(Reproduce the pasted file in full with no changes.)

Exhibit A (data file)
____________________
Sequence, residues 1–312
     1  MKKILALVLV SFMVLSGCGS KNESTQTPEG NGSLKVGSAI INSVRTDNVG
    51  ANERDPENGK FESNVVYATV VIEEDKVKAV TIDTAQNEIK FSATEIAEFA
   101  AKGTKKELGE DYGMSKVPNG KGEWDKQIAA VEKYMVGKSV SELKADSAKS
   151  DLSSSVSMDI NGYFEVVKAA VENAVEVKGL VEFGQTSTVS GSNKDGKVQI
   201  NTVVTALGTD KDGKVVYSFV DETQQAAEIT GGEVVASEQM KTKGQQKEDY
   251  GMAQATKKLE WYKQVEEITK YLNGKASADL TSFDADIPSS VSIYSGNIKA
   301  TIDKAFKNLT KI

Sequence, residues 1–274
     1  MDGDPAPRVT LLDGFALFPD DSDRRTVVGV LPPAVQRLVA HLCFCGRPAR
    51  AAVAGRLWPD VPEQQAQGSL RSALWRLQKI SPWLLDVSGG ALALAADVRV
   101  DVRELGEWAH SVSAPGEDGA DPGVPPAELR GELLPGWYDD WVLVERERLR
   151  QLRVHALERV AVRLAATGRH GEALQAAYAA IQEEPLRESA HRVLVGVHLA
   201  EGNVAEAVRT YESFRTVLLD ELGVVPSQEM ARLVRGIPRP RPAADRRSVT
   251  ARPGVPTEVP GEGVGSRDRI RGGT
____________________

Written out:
Sequence, residues 1–312
     1  MKKILALVLV SFMVLSGCGS KNESTQTPEG NGSLKVGSAI INSVRTDNVG
    51  ANERDPENGK FESNVVYATV VIEEDKVKAV TIDTAQNEIK FSATEIAEFA
   101  AKGTKKELGE DYGMSKVPNG KGEWDKQIAA VEKYMVGKSV SELKADSAKS
   151  DLSSSVSMDI NGYFEVVKAA VENAVEVKGL VEFGQTSTVS GSNKDGKVQI
   201  NTVVTALGTD KDGKVVYSFV DETQQAAEIT GGEVVASEQM KTKGQQKEDY
   251  GMAQATKKLE WYKQVEEITK YLNGKASADL TSFDADIPSS VSIYSGNIKA
   301  TIDKAFKNLT KI

Sequence, residues 1–274
     1  MDGDPAPRVT LLDGFALFPD DSDRRTVVGV LPPAVQRLVA HLCFCGRPAR
    51  AAVAGRLWPD VPEQQAQGSL RSALWRLQKI SPWLLDVSGG ALALAADVRV
   101  DVRELGEWAH SVSAPGEDGA DPGVPPAELR GELLPGWYDD WVLVERERLR
   151  QLRVHALERV AVRLAATGRH GEALQAAYAA IQEEPLRESA HRVLVGVHLA
   201  EGNVAEAVRT YESFRTVLLD ELGVVPSQEM ARLVRGIPRP RPAADRRSVT
   251  ARPGVPTEVP GEGVGSRDRI RGGT